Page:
It was fortunate that Lilly was in the kitchen when the bomb went off. All the bay windows at the front of the three storey Victorian house imploded resulting in airborne razor like shards of glass.
There is a slow motion moment after such a catastrophic event when all the senses are overwhelmed. It was only later that Lilly recalled the smell of burning, the dust on her skin, the darkness, the fear that she had been blinded and the strange eerie silence of a world without electricity.
Dougal, the dog, was eventually found, shivering uncontrollably. He had squashed himself into an unimaginably tiny space under the stairs. Neighbors, friends, relatives cleared the debris. The windows were boarded up and the glaziers arrived the following day to take measurements.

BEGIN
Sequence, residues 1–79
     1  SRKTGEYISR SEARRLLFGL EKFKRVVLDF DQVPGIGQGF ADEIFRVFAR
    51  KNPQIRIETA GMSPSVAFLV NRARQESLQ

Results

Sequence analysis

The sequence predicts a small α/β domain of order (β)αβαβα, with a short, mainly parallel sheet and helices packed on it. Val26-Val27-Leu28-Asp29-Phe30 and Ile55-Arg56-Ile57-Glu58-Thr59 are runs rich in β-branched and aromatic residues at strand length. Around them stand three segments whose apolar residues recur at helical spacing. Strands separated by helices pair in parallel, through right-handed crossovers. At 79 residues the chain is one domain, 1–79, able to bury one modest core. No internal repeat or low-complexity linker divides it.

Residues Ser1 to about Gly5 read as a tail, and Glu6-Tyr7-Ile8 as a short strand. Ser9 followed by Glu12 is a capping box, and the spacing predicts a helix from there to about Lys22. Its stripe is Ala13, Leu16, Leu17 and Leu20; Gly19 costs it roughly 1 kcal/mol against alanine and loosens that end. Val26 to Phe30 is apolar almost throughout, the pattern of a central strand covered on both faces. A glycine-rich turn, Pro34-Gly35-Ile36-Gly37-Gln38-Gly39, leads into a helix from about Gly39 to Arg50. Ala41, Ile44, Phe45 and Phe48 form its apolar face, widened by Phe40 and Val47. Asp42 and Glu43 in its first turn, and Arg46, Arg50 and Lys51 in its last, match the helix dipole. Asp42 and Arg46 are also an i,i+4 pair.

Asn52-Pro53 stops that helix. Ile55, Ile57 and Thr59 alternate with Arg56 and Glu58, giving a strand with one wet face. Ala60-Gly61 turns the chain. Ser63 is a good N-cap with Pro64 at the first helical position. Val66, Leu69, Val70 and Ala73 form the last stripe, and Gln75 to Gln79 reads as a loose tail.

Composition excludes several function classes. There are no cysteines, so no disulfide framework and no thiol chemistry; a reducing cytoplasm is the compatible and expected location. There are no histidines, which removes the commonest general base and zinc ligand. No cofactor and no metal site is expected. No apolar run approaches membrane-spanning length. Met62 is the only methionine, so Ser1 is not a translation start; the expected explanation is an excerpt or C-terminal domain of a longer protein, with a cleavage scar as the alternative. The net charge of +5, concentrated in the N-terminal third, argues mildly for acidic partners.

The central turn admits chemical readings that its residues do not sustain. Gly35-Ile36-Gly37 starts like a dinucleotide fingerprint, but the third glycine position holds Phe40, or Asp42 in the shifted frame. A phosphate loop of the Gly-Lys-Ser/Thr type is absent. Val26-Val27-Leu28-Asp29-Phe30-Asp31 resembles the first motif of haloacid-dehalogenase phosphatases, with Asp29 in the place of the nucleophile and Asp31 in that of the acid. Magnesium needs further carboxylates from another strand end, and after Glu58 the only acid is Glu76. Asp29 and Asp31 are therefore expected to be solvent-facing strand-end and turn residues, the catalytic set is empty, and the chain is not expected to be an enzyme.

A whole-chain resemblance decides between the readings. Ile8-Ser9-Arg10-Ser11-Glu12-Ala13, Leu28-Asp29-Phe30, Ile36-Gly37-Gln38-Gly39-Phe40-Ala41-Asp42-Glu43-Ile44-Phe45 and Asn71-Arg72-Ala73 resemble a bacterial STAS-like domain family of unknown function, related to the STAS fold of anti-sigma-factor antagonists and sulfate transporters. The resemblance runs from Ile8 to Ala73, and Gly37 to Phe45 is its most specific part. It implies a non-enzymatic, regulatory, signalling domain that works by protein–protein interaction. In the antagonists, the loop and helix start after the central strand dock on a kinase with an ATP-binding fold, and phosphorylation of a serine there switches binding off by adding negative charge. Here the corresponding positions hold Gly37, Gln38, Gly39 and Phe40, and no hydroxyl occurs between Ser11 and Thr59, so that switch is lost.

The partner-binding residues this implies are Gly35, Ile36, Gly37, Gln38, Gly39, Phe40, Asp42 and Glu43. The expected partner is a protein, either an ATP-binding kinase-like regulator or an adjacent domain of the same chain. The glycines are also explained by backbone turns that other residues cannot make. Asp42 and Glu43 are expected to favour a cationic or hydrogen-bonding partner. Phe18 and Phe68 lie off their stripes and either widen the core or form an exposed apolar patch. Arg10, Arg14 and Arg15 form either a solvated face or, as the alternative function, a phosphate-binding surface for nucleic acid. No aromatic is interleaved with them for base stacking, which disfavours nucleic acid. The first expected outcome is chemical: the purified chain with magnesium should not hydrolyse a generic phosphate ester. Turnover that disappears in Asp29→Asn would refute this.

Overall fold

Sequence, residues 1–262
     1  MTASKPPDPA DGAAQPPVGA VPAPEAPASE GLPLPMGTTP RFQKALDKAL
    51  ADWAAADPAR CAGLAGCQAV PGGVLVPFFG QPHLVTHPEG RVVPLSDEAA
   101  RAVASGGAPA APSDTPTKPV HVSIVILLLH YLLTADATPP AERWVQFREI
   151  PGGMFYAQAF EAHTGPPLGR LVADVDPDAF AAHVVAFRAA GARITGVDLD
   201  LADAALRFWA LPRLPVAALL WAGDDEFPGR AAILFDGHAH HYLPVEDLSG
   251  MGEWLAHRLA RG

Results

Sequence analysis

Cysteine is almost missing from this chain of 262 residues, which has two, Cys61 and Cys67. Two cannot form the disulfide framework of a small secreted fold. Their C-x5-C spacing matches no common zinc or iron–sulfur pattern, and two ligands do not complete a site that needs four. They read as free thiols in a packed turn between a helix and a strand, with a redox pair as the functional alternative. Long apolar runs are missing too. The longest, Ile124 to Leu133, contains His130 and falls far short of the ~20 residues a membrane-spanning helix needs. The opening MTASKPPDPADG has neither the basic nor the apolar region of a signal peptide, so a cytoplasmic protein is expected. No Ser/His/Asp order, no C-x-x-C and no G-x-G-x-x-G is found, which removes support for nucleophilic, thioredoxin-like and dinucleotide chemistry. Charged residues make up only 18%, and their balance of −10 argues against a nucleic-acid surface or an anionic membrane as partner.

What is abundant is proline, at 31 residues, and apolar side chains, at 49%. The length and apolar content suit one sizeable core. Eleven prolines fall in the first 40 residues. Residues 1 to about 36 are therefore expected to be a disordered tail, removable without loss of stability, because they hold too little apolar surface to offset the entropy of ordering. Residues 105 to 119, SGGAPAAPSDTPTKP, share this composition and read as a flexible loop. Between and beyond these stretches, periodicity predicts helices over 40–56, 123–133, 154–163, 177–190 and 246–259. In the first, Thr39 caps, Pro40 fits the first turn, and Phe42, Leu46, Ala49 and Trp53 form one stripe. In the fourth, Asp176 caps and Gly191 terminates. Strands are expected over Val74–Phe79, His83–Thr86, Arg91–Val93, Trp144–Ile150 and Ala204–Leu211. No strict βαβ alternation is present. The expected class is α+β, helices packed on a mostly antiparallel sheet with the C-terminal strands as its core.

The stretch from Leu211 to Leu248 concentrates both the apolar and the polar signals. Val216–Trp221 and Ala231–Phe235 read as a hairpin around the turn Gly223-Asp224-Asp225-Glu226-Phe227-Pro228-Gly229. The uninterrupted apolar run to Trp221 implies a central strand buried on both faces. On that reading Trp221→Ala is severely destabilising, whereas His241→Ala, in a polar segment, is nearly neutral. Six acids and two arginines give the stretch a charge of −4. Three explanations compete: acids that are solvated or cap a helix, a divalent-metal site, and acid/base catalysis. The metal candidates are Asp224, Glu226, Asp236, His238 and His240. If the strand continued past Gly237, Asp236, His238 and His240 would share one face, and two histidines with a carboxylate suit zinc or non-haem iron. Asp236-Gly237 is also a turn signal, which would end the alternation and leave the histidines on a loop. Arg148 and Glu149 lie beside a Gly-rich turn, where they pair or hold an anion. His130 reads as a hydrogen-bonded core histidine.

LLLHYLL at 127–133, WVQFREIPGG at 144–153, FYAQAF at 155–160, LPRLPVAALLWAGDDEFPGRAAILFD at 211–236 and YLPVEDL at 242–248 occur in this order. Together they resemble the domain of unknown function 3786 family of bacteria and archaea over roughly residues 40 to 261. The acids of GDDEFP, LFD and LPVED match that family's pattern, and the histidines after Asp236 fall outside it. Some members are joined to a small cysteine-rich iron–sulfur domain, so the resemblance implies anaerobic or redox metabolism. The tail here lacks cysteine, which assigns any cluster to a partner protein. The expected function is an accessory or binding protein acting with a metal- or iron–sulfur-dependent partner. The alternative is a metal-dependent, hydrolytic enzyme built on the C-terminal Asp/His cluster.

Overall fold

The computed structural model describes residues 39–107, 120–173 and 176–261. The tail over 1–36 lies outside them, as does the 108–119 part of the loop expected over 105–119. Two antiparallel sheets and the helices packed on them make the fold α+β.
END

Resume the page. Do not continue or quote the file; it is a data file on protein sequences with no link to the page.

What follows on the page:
Like the windows, Lilly found that her thoughts were splintered. In terms of people versus possessions, the importance of family and friendship strode out way ahead. But having faced her own mortality she now knew she wanted to leave something behind. She glimpsed the future where a little girl proudly announced, ‘This used to belong to my great grandmother’.
She thought about the gold watch in the jeweller’s window. And when her mind was made up, she went to the attic, took the precious savings for a rainy day and bought the watch. The note to her astonished but delighted daughter on Christmas Day read.
‘Let this be a token of my love for you. Let it celebrate life. Keep it in the family, a reminder to all who own it that there are few things in life greater than a mother’s love’.
| My parents and I
I was born and brought up in Northern Ireland, a country divided by politics and religion. I left in 1970 when extremists on both sides of the politico-religious divide had become active. Small businesses were considered a legitimate target by one of the paramilitary groups. One such business had its administrative headquarters on the street where my parents lived. My mother who was then in her 60’s was alone in the house when the bomb went off. This incident took place in Belfast in the 1970’s.
Lucy Purvey lives in Cambourne.